chapter  3
Adolf Hitler, the Nazi Party, and the Jews
By3.1. Adolf Hitler’s Early Years 43
Pages 19

Hitler moved to Vienna in 1908, intending to study at the Academy of Fine Arts and become a renowned artist. He remained until 1913. The glittering capital of the multinational Austro-Hungarian Empire pulsed with ethnic and economic tensions that resulted from rapid growth. Vienna’s staunch bourgeois German population felt besieged by the rising tide of socialism and by the large number of Slavic peoples-Czechs, Slovaks, Croatians, Serbs, as well as Hungarians and Jews-who arrived from the empire’s provinces. As much as Vienna was the city of the aging Emperor Franz Joseph, it was also the city of Karl Lueger, the populist mayor who appealed to ethnic Germans’ economic and cultural insecurities through antisemitic rhetoric. Pan-Germanism, the notion that ethnic Germans in Austria and Germany should form their own expanded polity, was also in the wind. Cheap racist publications that pilloried Slavic and Jewish elements supported it all. 2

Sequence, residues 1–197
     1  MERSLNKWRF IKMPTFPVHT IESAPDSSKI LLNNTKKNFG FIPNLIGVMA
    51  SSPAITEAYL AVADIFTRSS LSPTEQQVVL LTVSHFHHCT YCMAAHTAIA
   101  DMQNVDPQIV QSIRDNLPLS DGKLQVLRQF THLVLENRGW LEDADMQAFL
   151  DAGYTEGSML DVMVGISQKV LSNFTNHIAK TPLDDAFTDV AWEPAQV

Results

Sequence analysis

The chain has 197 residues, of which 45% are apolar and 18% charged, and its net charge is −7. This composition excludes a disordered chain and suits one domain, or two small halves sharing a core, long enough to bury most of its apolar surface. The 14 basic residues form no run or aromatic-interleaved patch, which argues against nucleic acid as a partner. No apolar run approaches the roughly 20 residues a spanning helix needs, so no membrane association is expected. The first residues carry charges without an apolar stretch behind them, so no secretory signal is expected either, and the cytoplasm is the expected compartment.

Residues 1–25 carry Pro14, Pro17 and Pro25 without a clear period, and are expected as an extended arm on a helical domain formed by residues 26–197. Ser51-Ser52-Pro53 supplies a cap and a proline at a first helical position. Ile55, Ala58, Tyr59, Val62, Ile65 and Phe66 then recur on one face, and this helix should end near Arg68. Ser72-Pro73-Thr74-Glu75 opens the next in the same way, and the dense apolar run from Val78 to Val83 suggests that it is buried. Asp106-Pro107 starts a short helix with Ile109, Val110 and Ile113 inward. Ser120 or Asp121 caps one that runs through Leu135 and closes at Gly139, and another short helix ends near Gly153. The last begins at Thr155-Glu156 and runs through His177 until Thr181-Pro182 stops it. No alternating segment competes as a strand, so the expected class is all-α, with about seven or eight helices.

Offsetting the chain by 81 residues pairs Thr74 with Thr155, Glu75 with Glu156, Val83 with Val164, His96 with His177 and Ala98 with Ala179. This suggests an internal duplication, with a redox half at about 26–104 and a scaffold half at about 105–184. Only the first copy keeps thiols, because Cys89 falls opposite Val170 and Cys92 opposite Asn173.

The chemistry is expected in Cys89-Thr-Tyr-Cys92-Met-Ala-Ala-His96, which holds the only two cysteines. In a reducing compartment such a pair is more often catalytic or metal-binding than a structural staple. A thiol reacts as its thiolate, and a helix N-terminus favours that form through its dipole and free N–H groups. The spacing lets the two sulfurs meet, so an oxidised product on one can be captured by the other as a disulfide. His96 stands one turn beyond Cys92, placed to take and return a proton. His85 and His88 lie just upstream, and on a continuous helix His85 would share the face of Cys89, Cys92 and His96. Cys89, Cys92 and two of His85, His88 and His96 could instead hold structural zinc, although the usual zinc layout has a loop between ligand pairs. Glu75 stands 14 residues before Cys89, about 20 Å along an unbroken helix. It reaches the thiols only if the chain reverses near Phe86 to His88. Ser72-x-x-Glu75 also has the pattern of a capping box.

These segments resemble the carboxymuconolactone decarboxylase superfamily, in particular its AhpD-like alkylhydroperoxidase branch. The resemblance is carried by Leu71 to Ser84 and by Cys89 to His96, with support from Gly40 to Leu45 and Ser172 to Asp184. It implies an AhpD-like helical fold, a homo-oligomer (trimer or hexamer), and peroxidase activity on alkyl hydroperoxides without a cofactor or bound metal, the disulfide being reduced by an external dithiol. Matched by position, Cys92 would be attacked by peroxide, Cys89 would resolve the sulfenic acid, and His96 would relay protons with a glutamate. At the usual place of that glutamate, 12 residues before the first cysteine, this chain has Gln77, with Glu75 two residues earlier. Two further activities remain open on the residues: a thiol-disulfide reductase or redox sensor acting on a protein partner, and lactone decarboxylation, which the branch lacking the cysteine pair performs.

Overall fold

Hitler later described his time in Vienna as formative. We have but scattered, problematic accounts of these years; the best known comes from Hitler’s one-time roommate August Kubizek. 3 Surely Vienna’s tensions influenced Hitler, a youthful ne’er-do-well dilettante, whose days and nights mixed soaring fantasy with abject failure. His rejection by the Academy of Fine Arts left him seething at faceless enemies who he imagined worked against him. Meanwhile, he slept late and spent afternoons reading, drawing, and dreaming fantastic projects-all quickly dropped-from heroic operas to urban redesign. Meanwhile he held no job, supplementing his orphan’s pension early on with a “loan” from his maternal aunt.